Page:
by Agnes Wilcox, artistic director of Prison Performing Arts in St. Louis, Mo.
December 18, 2012
Gary Kempker, former Missouri director of corrections, wrote about prison theater:
“It teaches offenders that there is something bigger than their individual wants and needs. It reminds them that they are part of a community that requires them to be responsible and accountable for their behavior and acts. It is teaching the lessons of life to those who have failed those lessons in the past.”Over the past 20 years, I have seen how theatrical productions provide an excellent environment in which to learn and practice skills that prepare people for success in life and work – among them commitment, self-control, discipline, self-worth and teamwork. In Missouri, the recidivism rate for men and women who have been involved in prison theater programs is less than one-third of the state’s overall rate.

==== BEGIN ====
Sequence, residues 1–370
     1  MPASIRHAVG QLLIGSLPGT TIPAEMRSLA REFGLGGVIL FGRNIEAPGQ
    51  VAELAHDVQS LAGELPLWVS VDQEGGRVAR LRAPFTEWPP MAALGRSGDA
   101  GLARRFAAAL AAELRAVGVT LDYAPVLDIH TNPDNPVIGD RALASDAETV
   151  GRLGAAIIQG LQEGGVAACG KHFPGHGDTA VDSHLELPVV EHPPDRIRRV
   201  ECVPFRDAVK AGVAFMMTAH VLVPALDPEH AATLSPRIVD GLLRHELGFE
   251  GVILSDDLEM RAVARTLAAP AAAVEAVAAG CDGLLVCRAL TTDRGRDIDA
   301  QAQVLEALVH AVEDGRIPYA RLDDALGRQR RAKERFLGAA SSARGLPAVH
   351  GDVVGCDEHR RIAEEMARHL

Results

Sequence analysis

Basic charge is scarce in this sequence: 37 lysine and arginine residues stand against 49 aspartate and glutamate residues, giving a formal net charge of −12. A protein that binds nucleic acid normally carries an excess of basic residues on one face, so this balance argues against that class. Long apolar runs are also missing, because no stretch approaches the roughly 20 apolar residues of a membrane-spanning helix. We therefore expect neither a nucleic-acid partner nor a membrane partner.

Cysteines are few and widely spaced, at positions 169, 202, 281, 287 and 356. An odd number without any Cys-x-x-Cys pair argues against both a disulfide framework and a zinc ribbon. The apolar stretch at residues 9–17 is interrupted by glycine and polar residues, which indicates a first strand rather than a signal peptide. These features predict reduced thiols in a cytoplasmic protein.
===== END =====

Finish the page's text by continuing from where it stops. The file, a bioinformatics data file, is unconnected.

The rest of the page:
Inmate actors develop verbal, reading and listening skills that lead to greater academic proficiency. If larger roles in a play are given to those who read well, an actor can be motivated to improve his or her literacy skills.
Theatrical productions impart skills that prepare people for life and work, like commitment, discipline, self-worth and teamwork.
Many men and women are in prison because they have limited problem-solving skills. Their lives have been chaotic, and they have not been able to create a structure for that chaos. Literature, with its use of language and with its study of character and circumstance, helps them see and articulate the process of cause and effect in human lives, sometimes their own.
Actions and their consequences are clear to any actor who spends a semester exploring the role of Hamlet.
This commentary was originally published in The New York Times, 12-18-12